Wednesday June 21, 2017
'It's still amazing to me': Neuroscientist on connecting with patients in vegetative states
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As a neuroscientist working at Cambridge University, Adrian Owen became fascinated with patients in vegetative states — awake, but not aware and definitely not in comas.
"These patients will open their eyes. They may appear to look around the room. They won't fixate on anything in particular," he tells The Current's Anna Maria Tremonti.
Owen says the most important characteristic of patients in vegetative states is that they'll never respond to any form of external stimulation — if you try and attract their attention or get them to wiggle a finger or move a leg, they won't make any responses.
"So they are awake, but they appear to be entirely unaware of where they are, who they are and the situation that they're in."
Through his professional work, Owen met a patient named Kate. After putting her into a brain scanner and showing her photos of her friends and family, he started to realize that she might actually be aware of her surroundings.
"What was astonishing at the time was that the parts of her brain that we know are responsible for recognizing faces, lit up exactly as they would in a healthy, awake person," he recalls.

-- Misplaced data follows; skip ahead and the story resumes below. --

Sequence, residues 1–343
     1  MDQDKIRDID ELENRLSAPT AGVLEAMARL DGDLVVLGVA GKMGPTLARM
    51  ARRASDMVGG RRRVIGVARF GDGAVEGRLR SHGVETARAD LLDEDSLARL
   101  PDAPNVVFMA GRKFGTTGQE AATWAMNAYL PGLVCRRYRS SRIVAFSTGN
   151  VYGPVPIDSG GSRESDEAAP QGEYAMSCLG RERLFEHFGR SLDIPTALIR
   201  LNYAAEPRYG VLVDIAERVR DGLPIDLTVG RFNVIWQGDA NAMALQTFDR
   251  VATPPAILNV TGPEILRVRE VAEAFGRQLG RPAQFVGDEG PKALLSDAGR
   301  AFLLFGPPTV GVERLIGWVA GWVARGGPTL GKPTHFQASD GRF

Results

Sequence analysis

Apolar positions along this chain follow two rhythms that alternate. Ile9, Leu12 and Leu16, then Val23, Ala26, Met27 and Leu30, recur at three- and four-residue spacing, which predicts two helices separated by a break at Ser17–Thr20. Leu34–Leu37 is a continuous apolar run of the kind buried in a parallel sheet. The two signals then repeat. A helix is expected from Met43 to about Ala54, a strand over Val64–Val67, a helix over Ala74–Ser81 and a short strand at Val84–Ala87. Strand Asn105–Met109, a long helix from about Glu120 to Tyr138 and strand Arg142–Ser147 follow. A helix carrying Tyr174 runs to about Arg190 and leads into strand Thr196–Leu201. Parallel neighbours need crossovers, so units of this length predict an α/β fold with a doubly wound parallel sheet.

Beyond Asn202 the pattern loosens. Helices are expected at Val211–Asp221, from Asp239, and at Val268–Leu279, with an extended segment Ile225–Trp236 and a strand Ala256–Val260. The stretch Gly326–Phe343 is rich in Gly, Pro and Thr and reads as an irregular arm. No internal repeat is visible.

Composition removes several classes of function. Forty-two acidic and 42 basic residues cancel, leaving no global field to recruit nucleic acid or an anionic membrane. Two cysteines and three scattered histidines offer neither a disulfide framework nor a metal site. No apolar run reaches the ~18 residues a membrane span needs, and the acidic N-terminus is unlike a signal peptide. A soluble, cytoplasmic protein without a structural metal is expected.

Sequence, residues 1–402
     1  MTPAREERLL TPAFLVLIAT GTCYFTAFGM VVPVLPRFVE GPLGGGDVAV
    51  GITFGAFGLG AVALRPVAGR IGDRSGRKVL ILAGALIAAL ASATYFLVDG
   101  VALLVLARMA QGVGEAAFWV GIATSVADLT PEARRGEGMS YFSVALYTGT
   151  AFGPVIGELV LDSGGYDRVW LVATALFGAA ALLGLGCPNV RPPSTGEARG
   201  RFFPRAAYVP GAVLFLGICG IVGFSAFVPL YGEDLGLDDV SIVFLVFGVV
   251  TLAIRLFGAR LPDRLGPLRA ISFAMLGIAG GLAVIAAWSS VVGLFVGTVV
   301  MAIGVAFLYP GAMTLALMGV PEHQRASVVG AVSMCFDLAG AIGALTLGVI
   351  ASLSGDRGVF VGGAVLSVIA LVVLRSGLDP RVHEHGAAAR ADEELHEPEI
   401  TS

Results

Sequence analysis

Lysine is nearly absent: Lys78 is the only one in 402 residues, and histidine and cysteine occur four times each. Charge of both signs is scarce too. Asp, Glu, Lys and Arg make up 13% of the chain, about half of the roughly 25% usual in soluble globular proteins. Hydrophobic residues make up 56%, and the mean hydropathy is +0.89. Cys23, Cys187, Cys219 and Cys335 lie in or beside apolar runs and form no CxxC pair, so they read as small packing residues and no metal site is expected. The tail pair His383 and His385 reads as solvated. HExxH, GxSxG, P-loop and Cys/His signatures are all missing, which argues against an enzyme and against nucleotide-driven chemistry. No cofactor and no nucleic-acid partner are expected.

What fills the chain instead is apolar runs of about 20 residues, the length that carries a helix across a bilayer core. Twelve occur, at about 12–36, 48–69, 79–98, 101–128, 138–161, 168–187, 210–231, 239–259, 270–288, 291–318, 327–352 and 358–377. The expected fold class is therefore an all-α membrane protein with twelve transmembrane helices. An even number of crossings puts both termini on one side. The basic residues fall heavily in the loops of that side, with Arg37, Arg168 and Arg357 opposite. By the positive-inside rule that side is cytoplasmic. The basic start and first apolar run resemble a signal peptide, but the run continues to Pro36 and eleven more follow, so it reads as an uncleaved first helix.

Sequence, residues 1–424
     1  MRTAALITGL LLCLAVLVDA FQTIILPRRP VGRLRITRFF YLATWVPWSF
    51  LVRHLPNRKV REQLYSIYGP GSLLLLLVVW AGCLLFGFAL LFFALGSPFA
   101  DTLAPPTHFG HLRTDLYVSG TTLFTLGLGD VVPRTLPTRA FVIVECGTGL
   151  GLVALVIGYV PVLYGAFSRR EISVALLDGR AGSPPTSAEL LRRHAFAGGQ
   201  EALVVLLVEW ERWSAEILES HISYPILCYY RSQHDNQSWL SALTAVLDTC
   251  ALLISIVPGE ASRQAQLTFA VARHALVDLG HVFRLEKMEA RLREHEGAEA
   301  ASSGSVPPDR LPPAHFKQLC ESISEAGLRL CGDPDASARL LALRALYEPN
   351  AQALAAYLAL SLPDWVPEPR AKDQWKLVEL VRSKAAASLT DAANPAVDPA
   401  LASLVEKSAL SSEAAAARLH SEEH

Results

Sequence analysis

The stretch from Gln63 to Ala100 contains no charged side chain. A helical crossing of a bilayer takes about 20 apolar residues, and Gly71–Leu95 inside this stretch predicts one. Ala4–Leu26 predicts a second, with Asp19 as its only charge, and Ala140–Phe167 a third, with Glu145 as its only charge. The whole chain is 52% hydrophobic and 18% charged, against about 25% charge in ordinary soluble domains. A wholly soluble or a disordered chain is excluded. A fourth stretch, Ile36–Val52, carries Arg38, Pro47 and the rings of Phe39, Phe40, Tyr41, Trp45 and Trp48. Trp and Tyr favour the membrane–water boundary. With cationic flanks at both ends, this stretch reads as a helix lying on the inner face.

"But at that point, Kate looked to be entirely vegetative and entirely non-responsive."
'I've been doing this for many years now, and honestly I still find it astonishing that we're able to do this.' - Adrian Owen
Years later, Kate came out of her vegetative state. She was aware that something had changed:
"She was able to describe what it was like to be treated just as a body — as she put it — to then later on be treated as a person, as she said, 'Well, I suddenly became a person again.'"
Owen is the Canada Excellence Research Chair in cognitive neuroscience and imaging at the Brain and Mind Institute at Western University. In his new book Into the Gray Zone: A Neuroscientist Explores the Border Between Life and Death, he describes how he has connected with patients in vegetative states.
In his conversation with Tremonti, he describes his work and explores some of the ethical implications that he continues to face.
"I've been doing this for many years now, and honestly I still find it astonishing that we're able to do this ... when we break through and make contact with a patient and we start to explore what it must be like to be in this situation," he says.
"It's still amazing to me."
Listen to their conversation at the top of the web post.
This segment was produced by The Current's Liz Hoath.